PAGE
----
Wednesday, April 14, 2010

"What if religion is factually false but necessary for human well-being?"

--- sociologist William Sims Bainbridge in an interview about his work on World of Warcraft, New Scientist, 27 March 2010

In context; interviewer's question followed by Bainbridge's answer:

You've done a lot of work with religion. What does religion in WoW tell us about the real-world phenomenon?

The horrendous question that always troubles me is, what if religion is factually false but necessary for human well-being? What does science do then? Could there be some other stage of development in which we express ourselves through a kind of protean self in numerous realities with different levels of faith or suspension of disbelief appropriate to each of them?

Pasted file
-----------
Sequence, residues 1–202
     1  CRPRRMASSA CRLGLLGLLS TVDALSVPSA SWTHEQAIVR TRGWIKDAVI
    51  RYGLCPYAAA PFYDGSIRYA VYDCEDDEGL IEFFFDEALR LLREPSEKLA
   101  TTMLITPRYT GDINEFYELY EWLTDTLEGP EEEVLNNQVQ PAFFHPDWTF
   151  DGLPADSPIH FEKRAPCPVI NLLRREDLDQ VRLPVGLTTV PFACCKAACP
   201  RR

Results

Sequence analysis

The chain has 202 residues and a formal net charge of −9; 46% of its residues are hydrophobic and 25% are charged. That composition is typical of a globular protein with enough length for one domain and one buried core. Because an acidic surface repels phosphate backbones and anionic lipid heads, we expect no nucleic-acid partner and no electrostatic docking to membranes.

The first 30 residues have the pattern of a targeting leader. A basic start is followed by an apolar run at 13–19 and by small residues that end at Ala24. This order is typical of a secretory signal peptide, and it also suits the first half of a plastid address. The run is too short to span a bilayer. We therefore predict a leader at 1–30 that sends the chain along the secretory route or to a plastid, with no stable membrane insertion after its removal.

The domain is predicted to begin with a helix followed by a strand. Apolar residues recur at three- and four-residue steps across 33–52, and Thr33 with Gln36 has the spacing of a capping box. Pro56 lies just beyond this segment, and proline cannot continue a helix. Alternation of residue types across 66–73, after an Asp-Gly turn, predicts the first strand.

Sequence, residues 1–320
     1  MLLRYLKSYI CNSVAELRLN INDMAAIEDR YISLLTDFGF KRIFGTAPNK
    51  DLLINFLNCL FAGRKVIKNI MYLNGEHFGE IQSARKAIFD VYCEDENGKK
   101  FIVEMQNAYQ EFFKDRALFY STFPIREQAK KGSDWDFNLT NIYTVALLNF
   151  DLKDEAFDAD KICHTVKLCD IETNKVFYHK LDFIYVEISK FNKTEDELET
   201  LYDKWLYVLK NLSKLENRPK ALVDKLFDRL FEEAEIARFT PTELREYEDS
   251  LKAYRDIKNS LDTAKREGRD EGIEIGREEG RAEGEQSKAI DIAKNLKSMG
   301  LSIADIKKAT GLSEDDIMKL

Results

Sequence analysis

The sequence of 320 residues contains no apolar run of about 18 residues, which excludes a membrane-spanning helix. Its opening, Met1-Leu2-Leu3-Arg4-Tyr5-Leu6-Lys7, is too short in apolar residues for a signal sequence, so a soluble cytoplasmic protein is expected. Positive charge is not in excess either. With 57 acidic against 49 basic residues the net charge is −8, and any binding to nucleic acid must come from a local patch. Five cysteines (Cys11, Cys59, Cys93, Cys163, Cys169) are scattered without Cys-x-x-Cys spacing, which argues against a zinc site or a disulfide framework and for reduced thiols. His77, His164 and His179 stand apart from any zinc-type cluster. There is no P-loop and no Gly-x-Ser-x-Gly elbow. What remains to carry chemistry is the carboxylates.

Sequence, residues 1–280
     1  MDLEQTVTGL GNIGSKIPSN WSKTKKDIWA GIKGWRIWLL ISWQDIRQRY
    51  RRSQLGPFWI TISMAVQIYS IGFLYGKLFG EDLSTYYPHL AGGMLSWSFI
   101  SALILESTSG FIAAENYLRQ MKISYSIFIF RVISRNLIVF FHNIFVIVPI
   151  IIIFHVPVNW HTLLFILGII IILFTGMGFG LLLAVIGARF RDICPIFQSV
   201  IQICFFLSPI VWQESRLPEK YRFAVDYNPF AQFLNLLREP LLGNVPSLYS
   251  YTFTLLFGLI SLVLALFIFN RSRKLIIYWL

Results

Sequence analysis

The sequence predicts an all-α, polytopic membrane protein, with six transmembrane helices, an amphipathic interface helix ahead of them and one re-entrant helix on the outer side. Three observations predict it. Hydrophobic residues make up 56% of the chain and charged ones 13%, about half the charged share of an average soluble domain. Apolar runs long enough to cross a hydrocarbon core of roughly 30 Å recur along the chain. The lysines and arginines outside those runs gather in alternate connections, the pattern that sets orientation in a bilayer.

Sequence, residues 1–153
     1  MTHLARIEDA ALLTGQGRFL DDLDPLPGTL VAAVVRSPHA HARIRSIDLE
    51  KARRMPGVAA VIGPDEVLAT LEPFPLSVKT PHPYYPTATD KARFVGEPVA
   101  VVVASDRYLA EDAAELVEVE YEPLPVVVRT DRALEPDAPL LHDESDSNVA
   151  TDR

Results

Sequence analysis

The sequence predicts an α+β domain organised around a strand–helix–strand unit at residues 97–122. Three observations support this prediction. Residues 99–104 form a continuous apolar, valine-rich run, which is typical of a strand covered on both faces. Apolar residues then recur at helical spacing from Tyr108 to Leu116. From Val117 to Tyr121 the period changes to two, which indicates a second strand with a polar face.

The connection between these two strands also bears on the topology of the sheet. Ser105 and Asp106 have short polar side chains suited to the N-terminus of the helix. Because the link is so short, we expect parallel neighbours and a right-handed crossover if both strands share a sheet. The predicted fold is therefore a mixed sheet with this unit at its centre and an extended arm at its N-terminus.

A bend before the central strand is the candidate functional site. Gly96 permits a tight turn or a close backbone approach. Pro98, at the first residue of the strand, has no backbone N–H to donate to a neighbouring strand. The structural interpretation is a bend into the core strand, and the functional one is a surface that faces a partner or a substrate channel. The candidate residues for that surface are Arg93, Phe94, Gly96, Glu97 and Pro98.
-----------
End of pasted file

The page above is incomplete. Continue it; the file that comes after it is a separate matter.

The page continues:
That, on a much smaller scale, is what is happening with the fictional religions in WoW. The overwhelming majority of the people that play WoW don't take its religions seriously.

The difference between faith and fantasy might not have been very distinct in ancient times, and it's possible that we will move towards a time when instead of religion, people's hopes can be expressed in something that's acknowledged to be a fantasy but also, on some level, sort of real. WoW might exemplify that kind of post-religious future.